State Flags: Styles And Designs

While many countries have states – including Australia, the term is most widely applied to the United States. The United States consists of 50 states, 16 territories and a federal district.  The result is a bounty of state flags. They come in a wide assortment of colors and styles.

Basic Flag Styles

Style refers to the shape, the flag contents and the overall design of a flag. While many may be unique in their form e.g. the two triangle shapes of the flag of Nepal, the general shape of most flags is rectangle or square. What is also common among most flags is the content. The styles consist of:

  • Triangles

  • Crosses – “Scandinavian, St. George’s, Saltire, Southern

  • Stripes – vertical, central, horizontal, varying in thickness and color

  • Stars – vary in number, size and position

  • Crescent Moon

  • Circles

These are common components of flags from all around the world including American state flags.

Style and American State Flags

American state flags represent a wide variety of styles. Some are quite unique. Consider the pennant-like flag of Ohio and the yellow and black design of the Maryland Flag. Many of the flags contain the state seal. This is true for Idaho, Maryland, Illinois, Iowa, Utah, New Hampshire, New Jersey, and to name a few. Some state flags, such as that of Montana carries their state motto while in New Mexico’s flag manifests its Native American heritage.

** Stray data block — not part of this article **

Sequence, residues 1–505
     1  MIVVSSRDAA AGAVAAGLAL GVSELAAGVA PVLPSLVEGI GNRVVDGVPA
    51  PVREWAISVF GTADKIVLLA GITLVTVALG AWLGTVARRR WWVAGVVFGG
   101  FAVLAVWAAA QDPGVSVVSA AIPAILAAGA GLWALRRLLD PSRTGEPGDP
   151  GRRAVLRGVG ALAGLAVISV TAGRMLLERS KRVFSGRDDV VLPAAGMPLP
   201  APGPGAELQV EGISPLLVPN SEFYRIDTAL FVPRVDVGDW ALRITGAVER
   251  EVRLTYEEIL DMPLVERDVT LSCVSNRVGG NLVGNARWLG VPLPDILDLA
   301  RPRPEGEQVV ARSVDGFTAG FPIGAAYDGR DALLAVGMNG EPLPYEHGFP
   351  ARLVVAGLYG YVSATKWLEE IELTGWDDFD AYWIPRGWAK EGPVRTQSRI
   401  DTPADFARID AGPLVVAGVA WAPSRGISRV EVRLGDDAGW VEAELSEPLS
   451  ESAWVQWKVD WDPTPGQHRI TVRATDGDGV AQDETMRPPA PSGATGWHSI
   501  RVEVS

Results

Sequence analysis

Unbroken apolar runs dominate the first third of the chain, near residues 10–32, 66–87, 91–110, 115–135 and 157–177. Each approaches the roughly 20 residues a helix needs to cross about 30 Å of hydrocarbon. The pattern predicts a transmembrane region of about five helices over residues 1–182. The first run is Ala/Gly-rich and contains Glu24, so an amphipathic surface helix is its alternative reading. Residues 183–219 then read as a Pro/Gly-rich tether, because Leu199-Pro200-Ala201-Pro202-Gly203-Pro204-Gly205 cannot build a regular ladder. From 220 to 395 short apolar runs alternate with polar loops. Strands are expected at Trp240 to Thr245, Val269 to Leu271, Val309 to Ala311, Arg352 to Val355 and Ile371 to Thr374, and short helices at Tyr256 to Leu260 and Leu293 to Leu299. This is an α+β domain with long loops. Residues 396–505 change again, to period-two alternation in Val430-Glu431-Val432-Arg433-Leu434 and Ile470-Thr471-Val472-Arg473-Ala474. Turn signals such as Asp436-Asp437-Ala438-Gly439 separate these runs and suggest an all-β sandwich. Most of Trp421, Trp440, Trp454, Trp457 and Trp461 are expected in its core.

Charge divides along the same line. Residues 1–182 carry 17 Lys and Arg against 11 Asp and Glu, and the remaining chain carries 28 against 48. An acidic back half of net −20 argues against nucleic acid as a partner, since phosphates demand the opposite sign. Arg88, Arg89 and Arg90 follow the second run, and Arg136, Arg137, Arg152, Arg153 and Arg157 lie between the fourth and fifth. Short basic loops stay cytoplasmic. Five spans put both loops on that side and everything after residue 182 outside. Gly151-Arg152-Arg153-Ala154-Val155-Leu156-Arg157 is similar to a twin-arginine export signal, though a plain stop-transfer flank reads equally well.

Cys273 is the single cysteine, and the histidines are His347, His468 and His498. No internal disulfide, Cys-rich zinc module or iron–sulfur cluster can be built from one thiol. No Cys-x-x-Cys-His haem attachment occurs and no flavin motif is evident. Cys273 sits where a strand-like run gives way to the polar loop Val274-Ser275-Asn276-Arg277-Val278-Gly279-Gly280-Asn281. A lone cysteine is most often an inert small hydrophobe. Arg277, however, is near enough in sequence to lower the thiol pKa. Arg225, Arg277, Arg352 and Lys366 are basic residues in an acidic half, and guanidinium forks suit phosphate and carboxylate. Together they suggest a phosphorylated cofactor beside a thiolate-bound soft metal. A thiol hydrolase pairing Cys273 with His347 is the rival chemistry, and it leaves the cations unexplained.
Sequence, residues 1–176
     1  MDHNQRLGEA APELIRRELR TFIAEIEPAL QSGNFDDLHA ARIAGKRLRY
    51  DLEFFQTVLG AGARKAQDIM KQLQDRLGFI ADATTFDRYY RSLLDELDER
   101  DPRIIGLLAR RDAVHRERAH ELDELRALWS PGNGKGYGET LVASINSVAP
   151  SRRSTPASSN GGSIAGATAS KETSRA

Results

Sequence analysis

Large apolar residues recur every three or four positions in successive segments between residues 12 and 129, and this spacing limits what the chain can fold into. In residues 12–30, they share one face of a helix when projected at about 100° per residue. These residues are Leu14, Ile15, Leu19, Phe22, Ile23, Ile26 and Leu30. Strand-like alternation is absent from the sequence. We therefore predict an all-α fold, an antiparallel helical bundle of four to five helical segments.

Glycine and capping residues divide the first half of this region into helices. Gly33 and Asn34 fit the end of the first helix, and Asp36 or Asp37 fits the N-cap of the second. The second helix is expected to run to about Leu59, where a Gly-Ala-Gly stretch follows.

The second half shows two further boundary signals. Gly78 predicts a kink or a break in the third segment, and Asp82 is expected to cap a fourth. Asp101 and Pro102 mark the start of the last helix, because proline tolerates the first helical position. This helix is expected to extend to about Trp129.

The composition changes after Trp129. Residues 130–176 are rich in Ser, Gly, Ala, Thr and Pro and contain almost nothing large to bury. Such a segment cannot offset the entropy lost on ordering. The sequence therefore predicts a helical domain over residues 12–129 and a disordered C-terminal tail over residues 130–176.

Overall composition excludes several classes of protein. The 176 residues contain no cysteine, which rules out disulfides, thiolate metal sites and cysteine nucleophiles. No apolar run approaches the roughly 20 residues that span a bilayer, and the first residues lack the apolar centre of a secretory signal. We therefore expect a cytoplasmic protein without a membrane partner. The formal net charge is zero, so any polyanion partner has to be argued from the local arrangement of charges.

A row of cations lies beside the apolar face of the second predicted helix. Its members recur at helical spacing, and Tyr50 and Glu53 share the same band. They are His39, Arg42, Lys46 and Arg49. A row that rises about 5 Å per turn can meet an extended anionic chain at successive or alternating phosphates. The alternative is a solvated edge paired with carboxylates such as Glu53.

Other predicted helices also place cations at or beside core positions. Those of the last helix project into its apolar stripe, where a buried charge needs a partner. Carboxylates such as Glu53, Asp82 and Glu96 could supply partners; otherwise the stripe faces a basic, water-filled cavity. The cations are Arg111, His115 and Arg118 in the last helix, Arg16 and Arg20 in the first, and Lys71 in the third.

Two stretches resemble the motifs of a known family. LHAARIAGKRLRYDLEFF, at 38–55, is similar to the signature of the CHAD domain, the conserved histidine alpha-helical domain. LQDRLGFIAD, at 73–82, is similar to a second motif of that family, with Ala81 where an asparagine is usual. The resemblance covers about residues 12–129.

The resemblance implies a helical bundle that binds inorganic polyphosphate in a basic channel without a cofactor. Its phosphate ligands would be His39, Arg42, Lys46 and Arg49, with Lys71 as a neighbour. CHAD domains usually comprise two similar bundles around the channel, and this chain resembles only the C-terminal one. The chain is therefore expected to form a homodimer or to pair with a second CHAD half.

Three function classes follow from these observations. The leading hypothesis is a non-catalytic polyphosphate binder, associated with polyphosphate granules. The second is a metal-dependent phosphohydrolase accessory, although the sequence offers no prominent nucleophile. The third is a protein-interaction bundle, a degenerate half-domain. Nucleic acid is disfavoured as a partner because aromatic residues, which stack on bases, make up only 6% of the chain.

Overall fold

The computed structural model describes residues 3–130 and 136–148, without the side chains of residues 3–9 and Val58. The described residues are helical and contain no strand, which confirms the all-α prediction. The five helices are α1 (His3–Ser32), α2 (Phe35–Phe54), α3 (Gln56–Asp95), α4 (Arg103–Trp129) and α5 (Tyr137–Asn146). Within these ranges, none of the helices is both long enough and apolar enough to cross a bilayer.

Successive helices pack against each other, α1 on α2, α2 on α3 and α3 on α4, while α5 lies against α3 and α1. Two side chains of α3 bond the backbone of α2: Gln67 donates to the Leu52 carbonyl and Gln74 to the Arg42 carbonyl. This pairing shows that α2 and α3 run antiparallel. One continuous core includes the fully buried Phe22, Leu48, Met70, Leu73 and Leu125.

American flag styles do conform in many instances to the different styles. They display stars, stripes and crosses. Most predominant are Southern Crosses. Several states have adopted this form in expressing their adherence to or cultural and historical connection to the old Confederate States.

The state flags of Alabama, Arkansas, Florida, Georgia and Mississippi not only exhibit some form of the Southern Cross, they have adopted the colors of the confederacy. These flags also display the colors of the Southern states: red and blue. Tennessee, for example, displays the stars typical to a Confederate flag and uses the confederate colors but does not have a Southern Cross. Mississippi has a Southern Cross but combines elements of the Southern Cross with the Stars and Bars.

Overall, the American state flags exhibit a variety of influences that are regional and/or national. They are influenced by their local history and culture. The result has been very different expressions of state identity.